A Midsummer Night’s Dream  Visual stylist Julie Taymor trades Spidey for fairies with an opulent new version of the Shakespeare comedy, the inaugural production at Theatre for a New Audience’s new Polonsky Shakespeare Center in Brooklyn. Thom Geier found himself much enchanted by Taymor’s reborn ingenuity: “There’s a magnificent muchness of her approach to the Bard’s most durable of comedies, as she tosses in everything from pillow fights to a grass-upholstered reclining chair to achieve her vision. But remarkably, this Midsummer never tips over into a too-muchness.” EW grade: A-

Nothing to Hide  It’s no secret that beloved star Neil Patrick Harris likes magic, but he’s fan of his peers too, and decided to helm a new 70-minute variety show featuring upstart showmen Derek DelGaudio and Helder Guimarães. Did Hillary Busis surrender to the sleight of hands? “[The performers are] clever, surprising, and altogether incredible, in both the literal and figurative senses.” EW grade: A-


Alanis Morissette bringing 'Jagged Little Pill' to Broadway

You oughta know Alanis Morissette is coming to Broadway with her Grammy-winning, iconic 1995 album, Jagged Little Pill.

The workshop production of Jagged Little Pill‘s musical adaptation will feature all of the album’s songs, as well as tracks from Morisette’s other works and new music Morissette will pen specifically for the show. Two-time Tony Award winner Tom Kitt (Next To Normal, Green Day’s American Idiot) has signed on to provide orchestrations and arrangements.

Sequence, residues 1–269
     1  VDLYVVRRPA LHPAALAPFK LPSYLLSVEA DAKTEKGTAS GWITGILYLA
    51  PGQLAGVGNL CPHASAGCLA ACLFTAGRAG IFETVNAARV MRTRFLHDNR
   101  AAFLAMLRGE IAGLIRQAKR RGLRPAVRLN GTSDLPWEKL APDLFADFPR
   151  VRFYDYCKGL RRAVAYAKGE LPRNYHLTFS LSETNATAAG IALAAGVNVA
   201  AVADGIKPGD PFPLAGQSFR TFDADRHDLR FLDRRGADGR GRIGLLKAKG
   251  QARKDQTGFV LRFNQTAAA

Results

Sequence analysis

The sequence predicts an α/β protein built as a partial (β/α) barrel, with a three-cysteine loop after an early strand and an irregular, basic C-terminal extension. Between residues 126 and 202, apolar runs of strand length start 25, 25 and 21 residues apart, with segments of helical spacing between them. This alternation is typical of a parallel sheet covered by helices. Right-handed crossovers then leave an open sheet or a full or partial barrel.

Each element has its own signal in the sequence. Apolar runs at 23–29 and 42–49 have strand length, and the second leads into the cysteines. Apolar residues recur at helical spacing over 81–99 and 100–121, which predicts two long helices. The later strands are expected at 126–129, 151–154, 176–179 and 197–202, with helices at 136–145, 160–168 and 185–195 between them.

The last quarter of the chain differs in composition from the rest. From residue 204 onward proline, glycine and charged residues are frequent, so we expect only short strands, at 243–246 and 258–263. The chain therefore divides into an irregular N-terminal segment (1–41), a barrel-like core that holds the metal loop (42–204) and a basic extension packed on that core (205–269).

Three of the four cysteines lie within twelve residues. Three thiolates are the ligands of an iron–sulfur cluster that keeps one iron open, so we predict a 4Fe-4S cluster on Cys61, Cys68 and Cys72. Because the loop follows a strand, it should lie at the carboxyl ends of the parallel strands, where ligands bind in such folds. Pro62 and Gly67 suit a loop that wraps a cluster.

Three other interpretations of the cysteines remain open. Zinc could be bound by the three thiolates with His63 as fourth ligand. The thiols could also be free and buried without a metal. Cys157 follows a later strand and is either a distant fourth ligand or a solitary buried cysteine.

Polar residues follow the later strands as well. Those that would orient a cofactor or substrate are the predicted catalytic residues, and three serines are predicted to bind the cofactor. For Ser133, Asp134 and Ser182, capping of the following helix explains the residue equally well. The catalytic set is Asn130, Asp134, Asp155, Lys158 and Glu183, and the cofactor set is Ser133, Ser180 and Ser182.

“I look forward to taking the heart of Jagged Little Pill and expanding its story, fleshing it out into ever deeper layers of emotionality, specificity, humanity, power, physicality, spirit and fabulism,” Morissette said in a release.  “I look forward to collaborating with Vivek and Tom and our whole inspiring team to create something greater than the sum of our parts.”

No venue information has been announced, but the production will come to NYC in 2014.

'First Date,' 'A Time to Kill' slated to close on Broadway

Two new Broadway productions announced plans to end their runs. The short-lived stage adaptation of the John Grisham novel A Time to Kill announced that it will close Nov. 17; your last chance to make a date with the Zachary Levi musical comedy First Date will be Jan. 5.

Courtroom drama A Time to Kill opened Oct. 20, but unlike the popular 1996 movie adaptation starring Sandra Bullock and Matthew McConaughey, the play failed to connect with audiences. EW’s Thom Geier gave the play a C+, noting: “There isn’t much subtlety in A Time to Kill – Lindsay Jones’ overly intrusive underscore cues up at every dramatic moment — but it manages to convey a mostly satisfying sense of justice being served.” Before it plays its final night, author Grisham will host a performance of the show on Nov. 14, producers also announced Wednesday.

First Date, starring Zachary Levi (Chuck) in his Broadway debut and Krysta Rodriguez (Smash), opened to lukewarm reviews back in July (EW’s Geier also gave it a C+) and by the end of its run will have played 34 previews and 174 regular performances at the Longacre Theatre. Levi is currently starring on the big screen in Thor: The Dark World.

Ewan McGregor to make Broadway debut in Tom Stoppard's 'The Real Thing' in 2014

Well, at least you know what you might be doing next Halloween. Movie star, erstwhile Jedi, and generally hunky Scottish actor Ewan McGregor is set to make his Broadway debut next year in a new production of Tom Stoppard’s Tony-winning play The Real Thing.

McGregor will play Henry, a not-so-happily married playwright whose real-life romantic woes mirror his play — about a marriage teetering on collapse — which happens to star his actress wife. This is the second Broadway revival of Stoppard’s 1984 play, which won Tony Awards for its stars Jeremy Irons, Glenn Close, and Christine Baranski.